Evaluating Square Roots of Perfect Squares

Lesson Transcript
Instructor: Jennifer Beddoe

Jennifer has an MS in Chemistry and a BS in Biological Sciences.

Squares and square roots are inverse, or opposite, operations involving radicals. Learn how to determine the square root of perfect squares in this lesson.

The Language of Math

Mathematics has its own special language. To understand and succeed in math, you need to be able to translate the language of math into English and back again. Just like you wouldn't move to France without knowing how to communicate at least the basics, you shouldn't venture into the study of math without knowing how to translate the terms you are using.

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  • 0:05 The Language of Math
  • 0:23 Squares and Square Roots
  • 1:31 Perfect Square
  • 1:56 Finding the Square…
  • 4:37 Lesson Summary
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Squares and Square Roots

The section of math dealing with radicals , or squares and square roots, is one place where knowing the translations of the terms is critical to understanding.

To square a number means to multiply that number by itself. It is notated by a superscript number 2 after the main number. It can also be written with a caret between the number being squared and the 2. When you see the carat symbol (^), you say that the number is squared.

For example:

3^2 is equal to 3*3 or 9


10^2 is equal to 10*10 or 100

The square root operation is the inverse of the squared function and is notated by this symbol:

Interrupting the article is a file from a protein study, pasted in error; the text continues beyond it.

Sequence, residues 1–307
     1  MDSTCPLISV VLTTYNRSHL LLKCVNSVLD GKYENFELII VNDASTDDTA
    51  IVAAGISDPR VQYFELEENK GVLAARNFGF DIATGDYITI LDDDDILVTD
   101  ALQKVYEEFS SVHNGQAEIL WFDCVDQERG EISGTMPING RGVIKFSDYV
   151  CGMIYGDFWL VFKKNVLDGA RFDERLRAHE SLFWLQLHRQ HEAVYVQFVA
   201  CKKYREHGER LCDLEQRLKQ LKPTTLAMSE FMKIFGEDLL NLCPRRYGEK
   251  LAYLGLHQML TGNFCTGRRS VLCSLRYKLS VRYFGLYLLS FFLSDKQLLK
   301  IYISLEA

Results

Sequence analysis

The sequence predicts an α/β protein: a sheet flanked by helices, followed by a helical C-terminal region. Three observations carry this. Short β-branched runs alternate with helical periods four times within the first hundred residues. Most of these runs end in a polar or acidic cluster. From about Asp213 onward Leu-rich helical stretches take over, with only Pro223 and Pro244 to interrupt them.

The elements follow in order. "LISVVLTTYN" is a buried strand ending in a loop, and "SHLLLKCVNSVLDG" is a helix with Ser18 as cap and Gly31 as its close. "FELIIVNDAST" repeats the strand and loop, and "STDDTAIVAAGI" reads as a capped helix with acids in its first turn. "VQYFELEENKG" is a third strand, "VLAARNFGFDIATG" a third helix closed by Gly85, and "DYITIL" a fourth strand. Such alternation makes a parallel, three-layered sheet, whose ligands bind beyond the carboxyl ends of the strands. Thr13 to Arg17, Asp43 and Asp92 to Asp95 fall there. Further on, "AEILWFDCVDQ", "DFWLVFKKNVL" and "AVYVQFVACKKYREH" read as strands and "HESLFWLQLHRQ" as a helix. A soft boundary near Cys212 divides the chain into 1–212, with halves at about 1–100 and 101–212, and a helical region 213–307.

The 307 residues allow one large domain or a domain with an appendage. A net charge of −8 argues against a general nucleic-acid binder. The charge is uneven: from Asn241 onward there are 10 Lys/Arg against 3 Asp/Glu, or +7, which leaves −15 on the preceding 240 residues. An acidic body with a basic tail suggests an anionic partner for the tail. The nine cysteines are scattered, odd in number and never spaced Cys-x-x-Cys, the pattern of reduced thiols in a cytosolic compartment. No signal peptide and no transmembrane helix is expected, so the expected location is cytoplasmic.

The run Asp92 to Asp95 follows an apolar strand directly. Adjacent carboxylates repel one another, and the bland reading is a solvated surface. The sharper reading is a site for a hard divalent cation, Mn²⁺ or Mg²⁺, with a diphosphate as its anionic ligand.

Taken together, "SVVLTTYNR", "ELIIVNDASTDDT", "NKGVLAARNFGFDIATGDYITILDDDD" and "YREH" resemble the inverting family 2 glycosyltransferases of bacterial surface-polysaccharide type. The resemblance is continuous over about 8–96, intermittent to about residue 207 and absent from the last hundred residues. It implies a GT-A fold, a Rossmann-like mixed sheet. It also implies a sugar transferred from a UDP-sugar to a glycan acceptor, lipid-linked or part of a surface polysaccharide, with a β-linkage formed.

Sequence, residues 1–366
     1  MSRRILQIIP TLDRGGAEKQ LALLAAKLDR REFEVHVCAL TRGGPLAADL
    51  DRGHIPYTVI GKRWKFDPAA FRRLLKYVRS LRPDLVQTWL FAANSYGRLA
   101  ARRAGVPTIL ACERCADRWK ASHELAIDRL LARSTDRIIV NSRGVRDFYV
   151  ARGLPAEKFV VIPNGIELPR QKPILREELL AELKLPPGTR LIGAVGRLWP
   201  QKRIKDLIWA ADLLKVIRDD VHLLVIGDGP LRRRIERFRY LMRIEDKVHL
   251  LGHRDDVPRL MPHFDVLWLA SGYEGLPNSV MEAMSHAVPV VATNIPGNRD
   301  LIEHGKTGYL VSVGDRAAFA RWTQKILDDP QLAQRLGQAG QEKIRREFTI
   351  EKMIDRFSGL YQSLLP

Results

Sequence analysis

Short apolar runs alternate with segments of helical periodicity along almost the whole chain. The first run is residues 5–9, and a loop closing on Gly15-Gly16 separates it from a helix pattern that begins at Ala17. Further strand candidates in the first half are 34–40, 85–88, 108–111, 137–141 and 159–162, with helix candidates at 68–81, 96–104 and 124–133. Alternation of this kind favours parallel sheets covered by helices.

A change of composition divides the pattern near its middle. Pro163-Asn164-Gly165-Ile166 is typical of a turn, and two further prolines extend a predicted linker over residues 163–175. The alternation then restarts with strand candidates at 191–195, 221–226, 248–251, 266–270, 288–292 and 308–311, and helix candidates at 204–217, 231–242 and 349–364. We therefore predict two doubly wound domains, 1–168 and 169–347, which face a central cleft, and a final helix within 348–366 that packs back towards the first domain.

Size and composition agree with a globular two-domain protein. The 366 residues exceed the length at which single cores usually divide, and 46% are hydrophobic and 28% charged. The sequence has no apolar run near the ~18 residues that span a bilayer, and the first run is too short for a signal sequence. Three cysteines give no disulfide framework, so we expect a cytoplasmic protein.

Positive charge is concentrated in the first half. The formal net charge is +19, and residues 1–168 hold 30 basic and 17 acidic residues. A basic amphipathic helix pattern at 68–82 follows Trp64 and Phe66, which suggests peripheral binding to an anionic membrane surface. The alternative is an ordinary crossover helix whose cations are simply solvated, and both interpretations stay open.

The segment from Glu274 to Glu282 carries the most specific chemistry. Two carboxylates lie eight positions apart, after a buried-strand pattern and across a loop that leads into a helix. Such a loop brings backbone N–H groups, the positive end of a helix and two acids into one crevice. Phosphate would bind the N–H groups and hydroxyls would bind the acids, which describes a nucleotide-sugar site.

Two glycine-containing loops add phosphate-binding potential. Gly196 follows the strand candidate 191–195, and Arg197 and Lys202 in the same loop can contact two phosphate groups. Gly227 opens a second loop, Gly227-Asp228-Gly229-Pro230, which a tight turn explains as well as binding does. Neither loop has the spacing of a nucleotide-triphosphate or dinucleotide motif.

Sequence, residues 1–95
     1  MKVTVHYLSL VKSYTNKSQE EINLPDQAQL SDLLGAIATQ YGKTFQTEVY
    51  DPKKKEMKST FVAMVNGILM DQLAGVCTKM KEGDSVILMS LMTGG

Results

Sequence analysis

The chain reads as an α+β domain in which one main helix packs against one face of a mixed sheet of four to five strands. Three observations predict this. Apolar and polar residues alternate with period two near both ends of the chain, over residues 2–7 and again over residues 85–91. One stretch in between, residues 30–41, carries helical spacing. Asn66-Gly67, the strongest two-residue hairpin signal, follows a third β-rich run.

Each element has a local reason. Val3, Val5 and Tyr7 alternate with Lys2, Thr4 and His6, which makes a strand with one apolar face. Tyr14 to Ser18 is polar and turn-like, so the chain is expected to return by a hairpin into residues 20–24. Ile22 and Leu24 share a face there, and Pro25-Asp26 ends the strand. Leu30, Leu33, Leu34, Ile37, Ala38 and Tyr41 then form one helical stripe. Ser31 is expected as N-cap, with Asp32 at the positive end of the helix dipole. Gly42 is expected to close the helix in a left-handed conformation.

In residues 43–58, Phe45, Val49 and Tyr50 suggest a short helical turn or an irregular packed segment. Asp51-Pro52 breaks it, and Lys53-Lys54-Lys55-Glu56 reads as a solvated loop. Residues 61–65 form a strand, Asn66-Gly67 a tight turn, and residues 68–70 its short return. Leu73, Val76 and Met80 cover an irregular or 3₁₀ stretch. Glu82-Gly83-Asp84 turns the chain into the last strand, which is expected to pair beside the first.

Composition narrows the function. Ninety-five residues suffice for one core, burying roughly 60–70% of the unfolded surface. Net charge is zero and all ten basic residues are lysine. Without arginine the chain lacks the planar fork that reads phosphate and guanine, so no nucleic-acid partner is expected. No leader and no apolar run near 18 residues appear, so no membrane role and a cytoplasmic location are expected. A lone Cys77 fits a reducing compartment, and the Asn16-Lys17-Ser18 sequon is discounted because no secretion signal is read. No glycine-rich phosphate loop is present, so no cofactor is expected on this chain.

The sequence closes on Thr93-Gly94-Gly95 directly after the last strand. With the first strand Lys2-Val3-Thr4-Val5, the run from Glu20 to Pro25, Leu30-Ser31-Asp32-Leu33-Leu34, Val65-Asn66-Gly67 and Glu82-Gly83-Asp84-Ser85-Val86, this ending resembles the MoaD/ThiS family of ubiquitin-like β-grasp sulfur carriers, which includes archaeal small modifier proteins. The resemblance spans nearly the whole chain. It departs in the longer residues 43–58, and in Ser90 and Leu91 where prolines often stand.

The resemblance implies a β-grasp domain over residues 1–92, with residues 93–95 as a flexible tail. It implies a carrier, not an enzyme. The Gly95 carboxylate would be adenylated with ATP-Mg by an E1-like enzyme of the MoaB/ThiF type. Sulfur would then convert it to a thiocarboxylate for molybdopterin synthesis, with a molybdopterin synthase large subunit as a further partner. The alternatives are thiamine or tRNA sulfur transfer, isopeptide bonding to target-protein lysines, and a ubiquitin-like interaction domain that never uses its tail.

The circled symbol indicates square root.
symbol for square root

This means that finding the square root of a number is the same as finding the opposite of a number squared.

For example:

√100 is 10 because 10^2 is 100


√ 9 is 3 because 3^2 is 9

Perfect Square

A number is a perfect square if it is an integer that is the square of another integer. An integer is a number that does not contain a fraction or a decimal.

For example:

5^2 is 25

So, 25 is a perfect square.


17^2 is 289, which means 289 is also a perfect square.

Finding the Square Root of a Perfect Square

You can use a calculator to find the square root of a perfect square, but, if a calculator is not available, there is a way to calculate the square root.

Here are the steps to calculating the square root of a perfect square:

Step one: factor the number completely. An easy way to factor a number is by using a factor tree. A factor tree can be created by writing down the number you want to factor and drawing two lines coming down from that number. Then, write two factors of that number under the lines. Continue on until only prime numbers remain. A prime number is one that cannot be reduced any smaller. The purpose of the factor tree is so you can easily find the square root of large numbers if you don't have a calculator handy.

By looking at the factor tree below, you can see that the factors of 225 are 3 * 3 * 5 * 5.

Using this factor tree, you can see that the factors of 225 are 3 * 3* 5 * 5.
example of a factor tree

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